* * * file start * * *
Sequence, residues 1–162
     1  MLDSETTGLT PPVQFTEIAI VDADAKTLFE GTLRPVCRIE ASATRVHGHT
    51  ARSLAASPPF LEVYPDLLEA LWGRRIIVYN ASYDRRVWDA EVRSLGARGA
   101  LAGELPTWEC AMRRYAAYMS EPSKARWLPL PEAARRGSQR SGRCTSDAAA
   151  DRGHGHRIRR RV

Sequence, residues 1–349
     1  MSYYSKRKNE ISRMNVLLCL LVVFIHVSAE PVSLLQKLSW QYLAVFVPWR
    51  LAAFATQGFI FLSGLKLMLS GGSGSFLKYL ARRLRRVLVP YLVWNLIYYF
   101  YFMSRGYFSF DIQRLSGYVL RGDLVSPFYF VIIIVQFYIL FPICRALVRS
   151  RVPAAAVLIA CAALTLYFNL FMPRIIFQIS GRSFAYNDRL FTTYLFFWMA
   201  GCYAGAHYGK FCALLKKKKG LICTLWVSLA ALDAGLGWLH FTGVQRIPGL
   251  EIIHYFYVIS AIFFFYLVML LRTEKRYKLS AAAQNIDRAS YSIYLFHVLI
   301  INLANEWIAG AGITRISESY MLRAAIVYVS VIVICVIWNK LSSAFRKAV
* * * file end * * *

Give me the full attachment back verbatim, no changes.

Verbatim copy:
Sequence, residues 1–162
     1  MLDSETTGLT PPVQFTEIAI VDADAKTLFE GTLRPVCRIE ASATRVHGHT
    51  ARSLAASPPF LEVYPDLLEA LWGRRIIVYN ASYDRRVWDA EVRSLGARGA
   101  LAGELPTWEC AMRRYAAYMS EPSKARWLPL PEAARRGSQR SGRCTSDAAA
   151  DRGHGHRIRR RV

Sequence, residues 1–349
     1  MSYYSKRKNE ISRMNVLLCL LVVFIHVSAE PVSLLQKLSW QYLAVFVPWR
    51  LAAFATQGFI FLSGLKLMLS GGSGSFLKYL ARRLRRVLVP YLVWNLIYYF
   101  YFMSRGYFSF DIQRLSGYVL RGDLVSPFYF VIIIVQFYIL FPICRALVRS
   151  RVPAAAVLIA CAALTLYFNL FMPRIIFQIS GRSFAYNDRL FTTYLFFWMA
   201  GCYAGAHYGK FCALLKKKKG LICTLWVSLA ALDAGLGWLH FTGVQRIPGL
   251  EIIHYFYVIS AIFFFYLVML LRTEKRYKLS AAAQNIDRAS YSIYLFHVLI
   301  INLANEWIAG AGITRISESY MLRAAIVYVS VIVICVIWNK LSSAFRKAV